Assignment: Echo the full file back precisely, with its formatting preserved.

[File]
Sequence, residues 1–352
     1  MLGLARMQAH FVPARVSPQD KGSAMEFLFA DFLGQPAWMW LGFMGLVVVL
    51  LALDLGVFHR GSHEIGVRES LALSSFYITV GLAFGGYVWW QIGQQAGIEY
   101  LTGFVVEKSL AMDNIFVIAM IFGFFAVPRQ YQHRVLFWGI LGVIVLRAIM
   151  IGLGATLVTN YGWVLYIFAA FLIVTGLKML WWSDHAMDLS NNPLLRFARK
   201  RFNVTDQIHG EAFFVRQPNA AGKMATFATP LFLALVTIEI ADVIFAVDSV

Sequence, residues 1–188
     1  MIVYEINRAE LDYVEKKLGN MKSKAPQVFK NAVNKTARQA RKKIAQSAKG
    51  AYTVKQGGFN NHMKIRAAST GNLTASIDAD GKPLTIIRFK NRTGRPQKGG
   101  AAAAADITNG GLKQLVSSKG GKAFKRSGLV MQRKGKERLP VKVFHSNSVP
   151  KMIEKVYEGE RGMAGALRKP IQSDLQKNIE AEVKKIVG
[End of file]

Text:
Sequence, residues 1–352
     1  MLGLARMQAH FVPARVSPQD KGSAMEFLFA DFLGQPAWMW LGFMGLVVVL
    51  LALDLGVFHR GSHEIGVRES LALSSFYITV GLAFGGYVWW QIGQQAGIEY
   101  LTGFVVEKSL AMDNIFVIAM IFGFFAVPRQ YQHRVLFWGI LGVIVLRAIM
   151  IGLGATLVTN YGWVLYIFAA FLIVTGLKML WWSDHAMDLS NNPLLRFARK
   201  RFNVTDQIHG EAFFVRQPNA AGKMATFATP LFLALVTIEI ADVIFAVDSV

Sequence, residues 1–188
     1  MIVYEINRAE LDYVEKKLGN MKSKAPQVFK NAVNKTARQA RKKIAQSAKG
    51  AYTVKQGGFN NHMKIRAAST GNLTASIDAD GKPLTIIRFK NRTGRPQKGG
   101  AAAAADITNG GLKQLVSSKG GKAFKRSGLV MQRKGKERLP VKVFHSNSVP
   151  KMIEKVYEGE RGMAGALRKP IQSDLQKNIE AEVKKIVG